The Sanriku Coast
Jagged cliffs and sunken estuaries
The Sanriku Coast (Sanriku Kaigan) stretches across three prefectures, from the Oshika Peninsula in Miyagi Prefecture to the southern reaches of Aomori in northern Japan. Renowned for its saw-toothed coastline and dramatic rock formations, here the the wind, rain, and waves of the north Pacific have hammered out countless caves and tidal shelves among coarse islands and pillars of stone, while sheer cliffs tower anywhere from 50 to 200 m (164-656 ft) above the water. This coastline is sometimes called ‘Umi no Alps’ — ‘The Alps of the Sea.’
The southern reaches of the Sanriku Coast form a ‘ria’ coastline, where crustal sinking has resulted in a jagged edge of long, narrow inlets, coves, and small bays bounded by rocky capes and spindly peninsulas. Rias are similar to fjords, but while fjords are created through glacial activity, a ria forms in an estuary where the land sinks or the sea level rises, leading to the submergence of a valley that was once at sea level. The term comes from the Galician language of northwestern Spain, where such formations are abundant.
Created in 1955, Rikuchū Kaigan National Park encompasses 180 kilometers of the Sanriku Coast. In the south, the town of Kesen-numa is famous for shark’s fin cooking, while Ogama Point offers tall cliffs and tetrahedral pillars of broken marble, known as ‘oré-ishi,’ rising up from the ocean. Further north, near Ōfunato City, the Goishi Kaigan features the Kaminari Iwa (‘Thunder Rock’), where ocean waves strike a rock shaped like a massive prehistoric fin to make the sound of distant thunder.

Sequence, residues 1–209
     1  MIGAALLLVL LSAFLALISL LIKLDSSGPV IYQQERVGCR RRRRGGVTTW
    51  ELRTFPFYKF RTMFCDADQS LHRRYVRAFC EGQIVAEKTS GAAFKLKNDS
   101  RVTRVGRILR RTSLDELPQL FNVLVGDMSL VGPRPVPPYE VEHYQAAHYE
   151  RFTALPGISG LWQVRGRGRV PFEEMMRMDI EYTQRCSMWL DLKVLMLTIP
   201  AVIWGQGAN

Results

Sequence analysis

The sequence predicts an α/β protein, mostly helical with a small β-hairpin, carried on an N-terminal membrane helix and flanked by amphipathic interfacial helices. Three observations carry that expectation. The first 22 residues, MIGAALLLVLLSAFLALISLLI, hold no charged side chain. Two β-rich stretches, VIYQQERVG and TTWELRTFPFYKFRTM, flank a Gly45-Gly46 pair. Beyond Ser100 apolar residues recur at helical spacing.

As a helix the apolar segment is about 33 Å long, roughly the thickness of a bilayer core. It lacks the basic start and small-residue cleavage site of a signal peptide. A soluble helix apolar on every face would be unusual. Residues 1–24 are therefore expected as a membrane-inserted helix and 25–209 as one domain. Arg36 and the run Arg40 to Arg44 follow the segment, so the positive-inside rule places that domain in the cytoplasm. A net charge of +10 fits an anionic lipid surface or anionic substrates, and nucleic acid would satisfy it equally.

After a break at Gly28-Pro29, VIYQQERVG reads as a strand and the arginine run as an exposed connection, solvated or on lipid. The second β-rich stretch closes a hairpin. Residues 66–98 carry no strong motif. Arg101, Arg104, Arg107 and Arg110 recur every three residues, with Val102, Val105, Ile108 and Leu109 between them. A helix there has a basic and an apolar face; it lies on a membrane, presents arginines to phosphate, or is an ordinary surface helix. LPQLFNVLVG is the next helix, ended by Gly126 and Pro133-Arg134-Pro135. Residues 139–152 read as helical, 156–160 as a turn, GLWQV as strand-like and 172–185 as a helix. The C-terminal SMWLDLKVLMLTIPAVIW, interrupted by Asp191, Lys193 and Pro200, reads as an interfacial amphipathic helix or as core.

Standing at the tip of the Kamazaki Peninsula, the 48.5-meter (159 ft) Kamaishi Dai-Kannon (Kamaishi Big Kannon) looks out over the bay by Kamaishi City, Iwate. Built to encourage local tourism in 1970, this Brobdingnagian representation of the Buddhist goddess of mercy symbolizes maritime safety and good fishing. Visitors can climb up thirteen stories inside the statue, passing through worship halls and sanctuaries on the way to the observatories on the 11th and 12th floors.
Beginning on the outskirts of Miyako City, the northern parts of the Sanriku Coast reveal a wild scale and grandeur not to be seen in Japan’s long-tamed southern parts. Departing from Jōdo-ga-hama beach, boat tours ply through deep ocean swells pursued by keening Japanese gulls (umineko) while the tall bluffs and ocean cliffs skirt by under a canopy of Japanese red pine, the official tree of Iwate. Jōdo-ga-hama literally means ‘The Coast of the Pure Land,’ as described in Buddhist scripture.
The Rikuchū Kaigan National Park ends in Kita-yamazaki, where spectacular 200-m cliffs, wave-carved islets and outcroppings peer through the mist, all thrust into the air by an ancient uplift of the ocean floor.
Published January 2010 as Amos Woo. Photos (c) 2009 Michael Kanert.